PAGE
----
The next-generation Jeep Wrangler may be built from aluminum rather than steel in a move that would shift its production away from the Toledo plant in the U.S. state of Ohio, the head of parent Fiat Chrysler Automobiles (FCA) said on Thursday.
Speaking at the Paris auto show, Chief Executive Sergio Marchionne said FCA <FIA.MI> was doing a number of engineering studies, also seeking to downsize the engines of the popular sport utility vehicle and to boost their capabilities.
"One of the things we are debating is whether this thing requires going into a material other than steel," Marchionne told reporters.
"If the solution is aluminum, then unfortunately Toledo is the wrong place, the wrong set-up to try build the Wrangler because it requires a complete reconfiguring of the assets that would be cost prohibitive."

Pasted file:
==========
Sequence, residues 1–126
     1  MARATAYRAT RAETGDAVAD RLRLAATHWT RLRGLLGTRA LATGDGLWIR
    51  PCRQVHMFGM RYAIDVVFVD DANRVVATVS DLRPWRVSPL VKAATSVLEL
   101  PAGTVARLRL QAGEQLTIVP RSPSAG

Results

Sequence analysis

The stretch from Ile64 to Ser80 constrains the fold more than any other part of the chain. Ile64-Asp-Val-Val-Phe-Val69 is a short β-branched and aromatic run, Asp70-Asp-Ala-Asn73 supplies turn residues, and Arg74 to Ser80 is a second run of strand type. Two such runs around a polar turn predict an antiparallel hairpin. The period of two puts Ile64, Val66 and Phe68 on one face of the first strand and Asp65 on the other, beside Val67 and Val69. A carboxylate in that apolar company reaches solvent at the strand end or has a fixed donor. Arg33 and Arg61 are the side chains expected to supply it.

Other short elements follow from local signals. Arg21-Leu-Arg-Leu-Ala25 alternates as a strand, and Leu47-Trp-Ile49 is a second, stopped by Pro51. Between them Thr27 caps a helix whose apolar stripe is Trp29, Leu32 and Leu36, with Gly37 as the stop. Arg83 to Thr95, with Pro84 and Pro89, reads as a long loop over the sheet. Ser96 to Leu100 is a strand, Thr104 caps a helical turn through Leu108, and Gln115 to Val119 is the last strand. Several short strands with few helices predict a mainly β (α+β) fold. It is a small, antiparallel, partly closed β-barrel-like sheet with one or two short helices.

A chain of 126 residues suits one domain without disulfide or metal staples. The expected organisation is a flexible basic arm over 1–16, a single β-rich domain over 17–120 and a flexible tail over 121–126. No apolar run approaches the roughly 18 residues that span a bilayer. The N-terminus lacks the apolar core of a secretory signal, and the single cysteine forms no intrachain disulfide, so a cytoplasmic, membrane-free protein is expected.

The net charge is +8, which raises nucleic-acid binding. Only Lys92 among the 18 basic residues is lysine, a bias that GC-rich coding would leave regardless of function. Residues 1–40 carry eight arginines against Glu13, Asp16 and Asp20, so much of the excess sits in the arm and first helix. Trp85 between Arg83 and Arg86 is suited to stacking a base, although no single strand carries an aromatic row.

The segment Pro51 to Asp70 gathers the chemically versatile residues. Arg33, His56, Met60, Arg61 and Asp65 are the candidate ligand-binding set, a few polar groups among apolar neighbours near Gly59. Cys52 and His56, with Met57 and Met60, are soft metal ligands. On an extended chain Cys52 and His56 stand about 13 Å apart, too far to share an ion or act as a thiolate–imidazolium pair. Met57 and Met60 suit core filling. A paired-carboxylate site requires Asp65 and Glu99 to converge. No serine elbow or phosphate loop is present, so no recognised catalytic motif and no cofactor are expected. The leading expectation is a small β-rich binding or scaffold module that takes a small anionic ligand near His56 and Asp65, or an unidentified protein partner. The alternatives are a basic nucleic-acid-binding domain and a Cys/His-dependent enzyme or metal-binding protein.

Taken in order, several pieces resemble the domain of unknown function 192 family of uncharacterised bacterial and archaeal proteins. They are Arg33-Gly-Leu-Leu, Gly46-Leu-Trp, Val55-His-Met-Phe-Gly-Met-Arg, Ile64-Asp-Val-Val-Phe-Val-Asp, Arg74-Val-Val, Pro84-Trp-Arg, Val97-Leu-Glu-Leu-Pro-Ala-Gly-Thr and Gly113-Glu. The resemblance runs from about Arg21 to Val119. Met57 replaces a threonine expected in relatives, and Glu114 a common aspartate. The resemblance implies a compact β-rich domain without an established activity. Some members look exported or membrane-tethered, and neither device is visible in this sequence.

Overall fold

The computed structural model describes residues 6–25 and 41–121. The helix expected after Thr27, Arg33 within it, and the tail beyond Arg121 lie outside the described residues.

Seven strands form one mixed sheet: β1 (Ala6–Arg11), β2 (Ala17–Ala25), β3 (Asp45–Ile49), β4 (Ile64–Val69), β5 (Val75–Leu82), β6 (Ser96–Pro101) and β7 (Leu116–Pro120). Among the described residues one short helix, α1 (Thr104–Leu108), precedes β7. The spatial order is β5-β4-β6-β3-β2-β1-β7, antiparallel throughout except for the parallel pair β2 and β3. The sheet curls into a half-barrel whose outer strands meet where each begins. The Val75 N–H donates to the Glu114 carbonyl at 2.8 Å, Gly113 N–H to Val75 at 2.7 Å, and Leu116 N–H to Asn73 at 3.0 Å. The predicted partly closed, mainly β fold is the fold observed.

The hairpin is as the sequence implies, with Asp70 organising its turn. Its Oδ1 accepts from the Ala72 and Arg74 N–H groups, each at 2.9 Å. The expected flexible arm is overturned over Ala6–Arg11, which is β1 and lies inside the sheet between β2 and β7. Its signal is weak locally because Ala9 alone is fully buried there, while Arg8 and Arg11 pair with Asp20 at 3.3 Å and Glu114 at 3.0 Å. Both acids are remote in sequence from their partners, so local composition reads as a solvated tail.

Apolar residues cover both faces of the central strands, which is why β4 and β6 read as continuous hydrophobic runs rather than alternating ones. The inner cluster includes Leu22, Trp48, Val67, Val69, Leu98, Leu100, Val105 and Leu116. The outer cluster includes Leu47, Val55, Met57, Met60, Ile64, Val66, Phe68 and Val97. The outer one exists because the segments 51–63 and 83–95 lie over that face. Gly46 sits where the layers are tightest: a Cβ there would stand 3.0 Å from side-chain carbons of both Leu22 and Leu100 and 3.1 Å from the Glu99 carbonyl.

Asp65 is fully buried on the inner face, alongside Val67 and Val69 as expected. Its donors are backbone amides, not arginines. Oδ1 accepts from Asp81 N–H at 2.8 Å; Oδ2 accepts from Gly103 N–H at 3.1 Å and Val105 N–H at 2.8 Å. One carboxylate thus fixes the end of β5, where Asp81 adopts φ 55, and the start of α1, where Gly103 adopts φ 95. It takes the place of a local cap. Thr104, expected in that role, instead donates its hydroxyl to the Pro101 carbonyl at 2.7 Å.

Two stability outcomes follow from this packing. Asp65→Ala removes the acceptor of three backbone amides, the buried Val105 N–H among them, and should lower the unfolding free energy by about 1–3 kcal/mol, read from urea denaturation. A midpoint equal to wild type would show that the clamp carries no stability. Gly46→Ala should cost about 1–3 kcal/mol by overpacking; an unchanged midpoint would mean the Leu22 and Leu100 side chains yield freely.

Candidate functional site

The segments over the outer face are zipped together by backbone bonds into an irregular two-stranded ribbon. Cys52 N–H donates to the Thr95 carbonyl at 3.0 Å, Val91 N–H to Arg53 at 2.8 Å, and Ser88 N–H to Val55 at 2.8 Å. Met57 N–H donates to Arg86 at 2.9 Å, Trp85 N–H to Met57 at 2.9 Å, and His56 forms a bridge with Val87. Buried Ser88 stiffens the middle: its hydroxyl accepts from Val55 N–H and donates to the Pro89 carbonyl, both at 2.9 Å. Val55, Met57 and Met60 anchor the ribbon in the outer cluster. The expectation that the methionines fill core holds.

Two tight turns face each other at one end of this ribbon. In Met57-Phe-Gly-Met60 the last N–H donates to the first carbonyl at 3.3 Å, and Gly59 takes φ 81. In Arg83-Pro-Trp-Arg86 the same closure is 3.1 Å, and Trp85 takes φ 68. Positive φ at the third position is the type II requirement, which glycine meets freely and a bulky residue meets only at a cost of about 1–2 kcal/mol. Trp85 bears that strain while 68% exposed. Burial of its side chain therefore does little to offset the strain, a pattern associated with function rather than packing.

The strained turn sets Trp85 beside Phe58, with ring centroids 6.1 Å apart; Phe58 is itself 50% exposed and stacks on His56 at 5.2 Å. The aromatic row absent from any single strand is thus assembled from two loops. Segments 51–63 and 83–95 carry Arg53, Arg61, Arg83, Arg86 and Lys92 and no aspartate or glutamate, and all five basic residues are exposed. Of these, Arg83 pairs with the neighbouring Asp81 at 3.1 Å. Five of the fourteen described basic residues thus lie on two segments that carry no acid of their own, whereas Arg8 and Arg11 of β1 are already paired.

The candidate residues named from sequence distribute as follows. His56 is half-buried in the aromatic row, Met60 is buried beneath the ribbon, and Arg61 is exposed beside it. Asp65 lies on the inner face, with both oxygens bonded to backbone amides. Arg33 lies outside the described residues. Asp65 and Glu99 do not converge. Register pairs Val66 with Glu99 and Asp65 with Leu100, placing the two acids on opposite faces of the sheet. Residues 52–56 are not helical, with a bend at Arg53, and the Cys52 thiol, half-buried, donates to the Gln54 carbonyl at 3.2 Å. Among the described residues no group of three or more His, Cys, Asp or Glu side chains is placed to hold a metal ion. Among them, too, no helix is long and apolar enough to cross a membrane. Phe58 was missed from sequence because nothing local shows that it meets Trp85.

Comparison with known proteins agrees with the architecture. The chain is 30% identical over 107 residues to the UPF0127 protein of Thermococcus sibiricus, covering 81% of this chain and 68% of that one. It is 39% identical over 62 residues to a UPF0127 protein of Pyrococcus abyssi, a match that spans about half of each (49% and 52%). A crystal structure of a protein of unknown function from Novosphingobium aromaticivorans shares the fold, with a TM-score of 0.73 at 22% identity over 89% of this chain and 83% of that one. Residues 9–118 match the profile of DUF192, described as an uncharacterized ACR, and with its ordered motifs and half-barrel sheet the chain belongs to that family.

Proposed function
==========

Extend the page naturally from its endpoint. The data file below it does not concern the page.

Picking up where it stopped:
FCA has recently began producing a small Jeep model, the Renegade, in Italy and plans to also localize production of Jeeps in Brazil and China next year. However, Marchionne said he would hold on to his commitment never to move Wrangler production outside the United States.
Marchionne said one issue facing the company was what else to do with the Toledo plant that would fulfil its commitment to the city and to the state, adding there would be "zero impact on head count and employment levels".
The Toledo plant currently produces both the Wrangler and the Jeep Cherokee.
Along with the Grand Cherokee, the Wrangler is one of two best-selling models for the brand that traces its roots to the iconic World War Two military vehicles.
Marchionne said the company was on track to sell 1 million Jeeps this year, a 37 percent jump from last year. By 2018, FCA hopes to boost Jeep sales to 1.9 million vehicles.
(Reporting by Agnieszka Flak; editing by Keiron Henderson)